Successful sequencing of the DNA was limited to three of the samples. The results were extraordinary nevertheless. The Teouma DNA was far more similar to modern samples from southeast Asia and the Philippines than it was to ni Vanuatu peoples today. Additional analyses of more recent skeletons and their interpretation identify a second migration into Vanuatu, one where Lapita peoples were replaced or incrementally absorbed into the migrant group between 2500 and 2300 years ago. These migrants were Papuans, people from western Melanesia whose antiquity in the Pacific extends to 40,000 years at the least.
Tongan burials at Talasiu
On the outskirts of Lapaha at Talasiu is a late Lapita site, first identified a century ago by archaeologist Thomas McKern. A gravelled road running from the highway to the lagoon edge has exposed shell, pottery fragments, umu rock and occasionally, as the case in 2008, human bone. With grading and a widening of the shoulder about to take place, a project was mounted quickly to recover whatever information might be gained. That project encountered the earliest known cemetery in Polynesia, one dating between 2700 and 2600 years ago.
Additional projects have been undertaken at Talasiu and these provide information on both the people who lived at the site, and their funerary practices. The removal of skulls and select long bones from several of the burials are similar in respect to Teouma. Also like Teouma, initially recovered samples were sent for DNA analysis, in this case to the Max Planck Institute for the Science of Human History in Jena, Germany. Two were successfully sequenced, one from a man and the other from a woman.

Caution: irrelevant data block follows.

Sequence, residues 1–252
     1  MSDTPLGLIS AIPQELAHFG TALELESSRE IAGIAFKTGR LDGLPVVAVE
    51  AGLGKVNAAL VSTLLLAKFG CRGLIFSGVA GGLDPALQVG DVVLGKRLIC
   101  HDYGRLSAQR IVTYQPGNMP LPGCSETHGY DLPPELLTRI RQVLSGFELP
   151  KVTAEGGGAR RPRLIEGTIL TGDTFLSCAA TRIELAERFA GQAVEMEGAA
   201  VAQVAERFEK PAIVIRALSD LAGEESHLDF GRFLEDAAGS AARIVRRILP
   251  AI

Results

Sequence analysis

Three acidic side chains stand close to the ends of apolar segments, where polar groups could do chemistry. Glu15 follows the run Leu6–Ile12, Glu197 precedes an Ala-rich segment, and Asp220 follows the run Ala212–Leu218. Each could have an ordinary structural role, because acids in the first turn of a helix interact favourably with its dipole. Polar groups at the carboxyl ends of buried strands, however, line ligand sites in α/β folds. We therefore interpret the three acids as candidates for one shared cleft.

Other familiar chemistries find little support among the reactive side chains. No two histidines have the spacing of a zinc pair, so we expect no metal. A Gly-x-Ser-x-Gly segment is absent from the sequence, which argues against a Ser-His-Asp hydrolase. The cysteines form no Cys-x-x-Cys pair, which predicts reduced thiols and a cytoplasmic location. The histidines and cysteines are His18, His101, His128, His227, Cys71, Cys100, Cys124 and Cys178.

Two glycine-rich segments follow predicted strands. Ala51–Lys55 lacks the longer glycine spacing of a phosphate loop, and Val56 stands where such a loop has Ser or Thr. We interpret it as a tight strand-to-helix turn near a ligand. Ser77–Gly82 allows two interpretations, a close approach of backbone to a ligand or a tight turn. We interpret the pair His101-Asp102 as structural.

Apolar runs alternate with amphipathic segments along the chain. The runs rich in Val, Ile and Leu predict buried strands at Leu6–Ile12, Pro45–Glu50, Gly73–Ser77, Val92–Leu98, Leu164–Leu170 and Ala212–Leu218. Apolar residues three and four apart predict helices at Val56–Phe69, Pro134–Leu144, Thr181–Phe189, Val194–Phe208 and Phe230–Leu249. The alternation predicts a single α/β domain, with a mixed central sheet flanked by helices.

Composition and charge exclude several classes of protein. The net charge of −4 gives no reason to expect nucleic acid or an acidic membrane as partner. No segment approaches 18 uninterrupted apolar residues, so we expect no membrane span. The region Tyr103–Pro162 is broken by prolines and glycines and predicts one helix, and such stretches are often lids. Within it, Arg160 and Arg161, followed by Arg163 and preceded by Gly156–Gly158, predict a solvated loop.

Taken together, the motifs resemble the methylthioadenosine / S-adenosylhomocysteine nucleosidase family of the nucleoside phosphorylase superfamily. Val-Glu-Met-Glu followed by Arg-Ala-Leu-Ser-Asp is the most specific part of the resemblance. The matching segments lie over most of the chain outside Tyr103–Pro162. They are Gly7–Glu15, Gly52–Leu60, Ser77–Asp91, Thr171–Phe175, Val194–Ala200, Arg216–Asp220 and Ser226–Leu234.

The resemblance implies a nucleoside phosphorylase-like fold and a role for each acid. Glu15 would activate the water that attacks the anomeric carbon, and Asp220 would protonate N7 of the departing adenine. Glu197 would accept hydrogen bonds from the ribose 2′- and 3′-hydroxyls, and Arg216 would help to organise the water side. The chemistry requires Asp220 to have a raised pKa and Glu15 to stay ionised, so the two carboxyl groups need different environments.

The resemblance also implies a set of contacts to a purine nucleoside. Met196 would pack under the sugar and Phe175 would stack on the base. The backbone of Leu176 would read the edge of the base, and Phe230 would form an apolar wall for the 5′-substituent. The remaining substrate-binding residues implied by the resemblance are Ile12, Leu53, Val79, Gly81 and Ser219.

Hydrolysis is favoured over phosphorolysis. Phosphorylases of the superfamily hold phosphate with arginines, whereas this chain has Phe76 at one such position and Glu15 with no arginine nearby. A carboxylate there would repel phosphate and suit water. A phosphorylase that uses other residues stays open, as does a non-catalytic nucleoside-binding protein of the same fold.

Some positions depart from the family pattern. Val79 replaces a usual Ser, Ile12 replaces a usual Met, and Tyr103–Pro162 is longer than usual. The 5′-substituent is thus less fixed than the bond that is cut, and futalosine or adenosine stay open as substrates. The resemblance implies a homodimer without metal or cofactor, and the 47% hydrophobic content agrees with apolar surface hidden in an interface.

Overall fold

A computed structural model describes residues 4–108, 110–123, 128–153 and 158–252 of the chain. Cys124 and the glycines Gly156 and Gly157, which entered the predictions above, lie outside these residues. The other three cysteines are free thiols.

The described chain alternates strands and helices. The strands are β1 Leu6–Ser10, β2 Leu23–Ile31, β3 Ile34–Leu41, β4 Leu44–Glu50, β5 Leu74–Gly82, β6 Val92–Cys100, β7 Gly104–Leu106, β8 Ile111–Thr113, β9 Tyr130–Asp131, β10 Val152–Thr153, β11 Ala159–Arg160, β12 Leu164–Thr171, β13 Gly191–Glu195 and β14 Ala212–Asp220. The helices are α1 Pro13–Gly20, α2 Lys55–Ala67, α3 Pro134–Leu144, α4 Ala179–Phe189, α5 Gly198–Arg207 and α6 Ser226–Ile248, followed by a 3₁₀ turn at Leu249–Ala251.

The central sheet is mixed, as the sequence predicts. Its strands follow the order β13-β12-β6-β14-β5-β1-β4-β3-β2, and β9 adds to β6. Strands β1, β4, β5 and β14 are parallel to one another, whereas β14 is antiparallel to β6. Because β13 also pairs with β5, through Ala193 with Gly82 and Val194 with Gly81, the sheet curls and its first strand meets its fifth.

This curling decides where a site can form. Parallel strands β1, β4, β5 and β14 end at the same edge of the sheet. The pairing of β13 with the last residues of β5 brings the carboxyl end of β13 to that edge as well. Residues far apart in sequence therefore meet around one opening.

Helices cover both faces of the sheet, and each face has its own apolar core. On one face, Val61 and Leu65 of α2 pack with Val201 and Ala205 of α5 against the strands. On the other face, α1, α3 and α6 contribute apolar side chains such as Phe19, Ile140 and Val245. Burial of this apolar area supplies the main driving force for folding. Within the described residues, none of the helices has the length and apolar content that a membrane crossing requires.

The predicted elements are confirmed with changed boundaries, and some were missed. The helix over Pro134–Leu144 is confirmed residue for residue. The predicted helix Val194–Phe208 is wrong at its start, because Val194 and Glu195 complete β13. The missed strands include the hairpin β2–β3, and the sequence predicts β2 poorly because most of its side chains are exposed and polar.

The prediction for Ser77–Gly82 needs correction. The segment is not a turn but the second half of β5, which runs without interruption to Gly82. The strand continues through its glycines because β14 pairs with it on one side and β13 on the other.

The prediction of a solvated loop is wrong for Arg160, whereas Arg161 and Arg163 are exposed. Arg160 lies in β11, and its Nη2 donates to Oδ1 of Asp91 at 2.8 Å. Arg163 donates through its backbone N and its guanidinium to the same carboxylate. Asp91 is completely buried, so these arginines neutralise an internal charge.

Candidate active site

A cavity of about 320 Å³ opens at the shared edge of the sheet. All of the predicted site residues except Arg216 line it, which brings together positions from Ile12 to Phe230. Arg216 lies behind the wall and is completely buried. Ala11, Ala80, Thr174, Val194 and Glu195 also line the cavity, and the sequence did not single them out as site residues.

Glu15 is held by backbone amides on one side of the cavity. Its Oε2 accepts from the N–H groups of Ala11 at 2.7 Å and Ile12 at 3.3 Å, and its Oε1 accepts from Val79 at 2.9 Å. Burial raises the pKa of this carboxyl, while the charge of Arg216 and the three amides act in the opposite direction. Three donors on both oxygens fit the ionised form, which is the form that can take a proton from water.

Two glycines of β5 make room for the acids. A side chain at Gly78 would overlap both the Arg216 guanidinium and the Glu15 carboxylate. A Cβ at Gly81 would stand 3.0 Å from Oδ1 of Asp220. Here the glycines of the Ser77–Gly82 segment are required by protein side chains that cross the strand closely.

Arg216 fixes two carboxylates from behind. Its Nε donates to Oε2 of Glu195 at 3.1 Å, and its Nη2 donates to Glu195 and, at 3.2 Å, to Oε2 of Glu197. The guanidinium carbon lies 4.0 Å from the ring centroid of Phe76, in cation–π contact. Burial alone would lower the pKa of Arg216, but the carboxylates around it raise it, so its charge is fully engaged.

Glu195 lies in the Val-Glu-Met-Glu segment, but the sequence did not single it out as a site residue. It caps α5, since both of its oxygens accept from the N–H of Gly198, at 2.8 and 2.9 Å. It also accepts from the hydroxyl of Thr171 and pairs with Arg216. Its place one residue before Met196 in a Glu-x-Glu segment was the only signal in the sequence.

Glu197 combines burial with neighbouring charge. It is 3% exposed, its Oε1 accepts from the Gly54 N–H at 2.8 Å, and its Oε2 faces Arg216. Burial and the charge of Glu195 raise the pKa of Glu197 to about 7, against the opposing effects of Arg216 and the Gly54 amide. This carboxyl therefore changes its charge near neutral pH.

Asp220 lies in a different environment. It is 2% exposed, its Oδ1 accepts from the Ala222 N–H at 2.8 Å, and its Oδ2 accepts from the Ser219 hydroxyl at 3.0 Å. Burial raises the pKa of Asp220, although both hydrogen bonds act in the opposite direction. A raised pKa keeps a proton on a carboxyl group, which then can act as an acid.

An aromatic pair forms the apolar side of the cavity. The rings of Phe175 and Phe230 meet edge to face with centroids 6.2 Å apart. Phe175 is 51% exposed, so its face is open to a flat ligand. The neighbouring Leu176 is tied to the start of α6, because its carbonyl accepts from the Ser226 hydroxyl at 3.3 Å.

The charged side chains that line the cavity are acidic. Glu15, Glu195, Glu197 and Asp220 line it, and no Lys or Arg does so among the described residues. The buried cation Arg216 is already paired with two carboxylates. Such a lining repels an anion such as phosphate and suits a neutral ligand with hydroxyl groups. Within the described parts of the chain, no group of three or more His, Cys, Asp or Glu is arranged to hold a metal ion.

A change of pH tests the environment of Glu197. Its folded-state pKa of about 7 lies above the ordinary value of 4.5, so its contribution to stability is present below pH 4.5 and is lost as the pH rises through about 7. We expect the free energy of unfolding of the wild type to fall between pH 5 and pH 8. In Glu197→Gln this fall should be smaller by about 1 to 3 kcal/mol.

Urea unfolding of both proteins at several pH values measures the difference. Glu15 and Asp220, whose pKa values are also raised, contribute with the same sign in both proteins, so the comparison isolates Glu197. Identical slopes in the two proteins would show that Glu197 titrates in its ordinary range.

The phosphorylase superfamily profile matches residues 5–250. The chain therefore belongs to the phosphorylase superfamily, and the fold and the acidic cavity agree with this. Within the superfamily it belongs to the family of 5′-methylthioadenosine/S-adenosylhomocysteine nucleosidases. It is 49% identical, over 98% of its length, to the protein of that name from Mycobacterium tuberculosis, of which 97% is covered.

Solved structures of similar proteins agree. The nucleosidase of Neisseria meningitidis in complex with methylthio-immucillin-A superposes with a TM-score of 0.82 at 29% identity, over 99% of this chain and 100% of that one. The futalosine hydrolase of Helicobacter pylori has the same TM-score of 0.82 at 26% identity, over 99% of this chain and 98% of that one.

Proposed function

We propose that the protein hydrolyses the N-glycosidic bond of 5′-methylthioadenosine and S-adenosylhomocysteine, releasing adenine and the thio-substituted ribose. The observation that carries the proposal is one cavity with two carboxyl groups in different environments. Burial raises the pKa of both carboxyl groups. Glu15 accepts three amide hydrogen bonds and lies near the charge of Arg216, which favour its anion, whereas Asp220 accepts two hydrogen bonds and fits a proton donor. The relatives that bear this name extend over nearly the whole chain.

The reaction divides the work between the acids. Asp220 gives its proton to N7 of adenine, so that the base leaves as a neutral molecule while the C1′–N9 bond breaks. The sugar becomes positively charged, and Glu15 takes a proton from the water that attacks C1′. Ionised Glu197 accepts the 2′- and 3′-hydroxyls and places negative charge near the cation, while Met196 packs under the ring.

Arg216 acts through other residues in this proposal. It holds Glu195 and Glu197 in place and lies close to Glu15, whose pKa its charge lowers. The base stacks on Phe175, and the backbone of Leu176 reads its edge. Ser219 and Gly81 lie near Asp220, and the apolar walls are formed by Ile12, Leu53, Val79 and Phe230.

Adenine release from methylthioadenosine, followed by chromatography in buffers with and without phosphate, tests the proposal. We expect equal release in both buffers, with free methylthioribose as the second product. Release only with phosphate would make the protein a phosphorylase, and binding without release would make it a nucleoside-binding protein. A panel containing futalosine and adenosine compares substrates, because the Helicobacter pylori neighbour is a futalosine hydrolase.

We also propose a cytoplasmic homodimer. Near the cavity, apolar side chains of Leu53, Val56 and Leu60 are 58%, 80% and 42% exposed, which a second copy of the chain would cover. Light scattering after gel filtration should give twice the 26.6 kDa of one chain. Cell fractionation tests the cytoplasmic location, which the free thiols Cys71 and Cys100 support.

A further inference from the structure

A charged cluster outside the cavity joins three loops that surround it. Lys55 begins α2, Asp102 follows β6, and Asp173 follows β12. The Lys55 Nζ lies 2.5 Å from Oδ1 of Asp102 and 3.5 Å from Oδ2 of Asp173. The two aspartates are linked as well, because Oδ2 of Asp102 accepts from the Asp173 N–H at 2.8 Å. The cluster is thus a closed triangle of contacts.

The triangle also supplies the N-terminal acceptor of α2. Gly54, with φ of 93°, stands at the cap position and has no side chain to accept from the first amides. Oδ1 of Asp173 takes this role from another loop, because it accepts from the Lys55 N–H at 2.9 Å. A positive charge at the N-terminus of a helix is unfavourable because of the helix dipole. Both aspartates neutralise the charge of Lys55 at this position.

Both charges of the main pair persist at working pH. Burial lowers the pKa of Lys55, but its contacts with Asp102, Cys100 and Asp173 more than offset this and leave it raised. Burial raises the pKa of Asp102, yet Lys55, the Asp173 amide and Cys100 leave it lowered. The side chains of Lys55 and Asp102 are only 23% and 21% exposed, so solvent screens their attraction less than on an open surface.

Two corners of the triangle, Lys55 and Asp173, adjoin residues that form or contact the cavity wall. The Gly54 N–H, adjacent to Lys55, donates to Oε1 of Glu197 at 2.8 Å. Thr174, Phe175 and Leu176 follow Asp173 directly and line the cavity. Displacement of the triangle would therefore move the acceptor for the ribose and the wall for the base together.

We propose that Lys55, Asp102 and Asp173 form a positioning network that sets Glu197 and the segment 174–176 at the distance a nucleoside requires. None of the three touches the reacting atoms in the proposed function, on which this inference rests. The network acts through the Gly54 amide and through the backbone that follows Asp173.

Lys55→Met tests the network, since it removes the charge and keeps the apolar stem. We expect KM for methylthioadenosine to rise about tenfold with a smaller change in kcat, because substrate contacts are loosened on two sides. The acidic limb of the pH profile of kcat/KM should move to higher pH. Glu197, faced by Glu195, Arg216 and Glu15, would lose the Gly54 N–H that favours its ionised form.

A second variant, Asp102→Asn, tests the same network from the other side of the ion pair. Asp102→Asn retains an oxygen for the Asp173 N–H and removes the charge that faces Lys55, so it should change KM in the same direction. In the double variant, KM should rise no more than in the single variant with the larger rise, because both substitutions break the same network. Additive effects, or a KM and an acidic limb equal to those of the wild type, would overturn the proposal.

Comparative analyses of the Talasiu DNA highlights the ancestral relationship of these late Lapita individuals to contemporary Tongans. This fits closely with what we know from the archaeological record. Equally discerning, and strikingly significant, the Talasiu DNA has an even closer match to the Lapita burials at Teouma, similarly falling within the contemporary profile for southeast Asia.
The Lapita migration across Oceania was rapid, and it was undertaken by a homogeneous group both culturally and genetically. Arriving in Tonga almost three millennia ago, it marks the birth of Polynesia.
An afterword of caution
Our account of the DNA story in Oceania is based on interpretive threads extracted from two key publications in 2018. These papers provide a dense morass of data, technical accounts of methods, and high-powered statistical analyses in support. The articles and their conclusions are not without criticism.
The most consistent question, and one that should be obvious to the reader, relates to sample numbers. Can we really construct a history of such magnitude from the ancient DNA of so few people? On the one hand, DNA leaves little room for debate relative to the individuals it was drawn from. Additionally, the results are not presented in isolation but compared against a larger archive of more recent and contemporary DNA. On the other hand, as one critic opines, what if the Lapita migration was undertaken by a heterogeneous population of Austronesian and Papuan peoples? Five individuals from Teouma and Tonga might represent only one of the sides in a very complicated story.
- Dr. David V. Burley is a Professor of Archaeology at Simon Fraser University in Burnaby, BC, Canada. He has carried out archaeological studies in Tonga since 1989.
- Professor Geoffrey Clark is an archaeologist at the Australian National University in Canberra. He has worked in Tonga for 15 years, especially on the conservation of the Lapaha langi. He has supervised the Talasiu project with Frédérique Valentin since 2008.
More articles in this Matangi Tonga series on pre-history: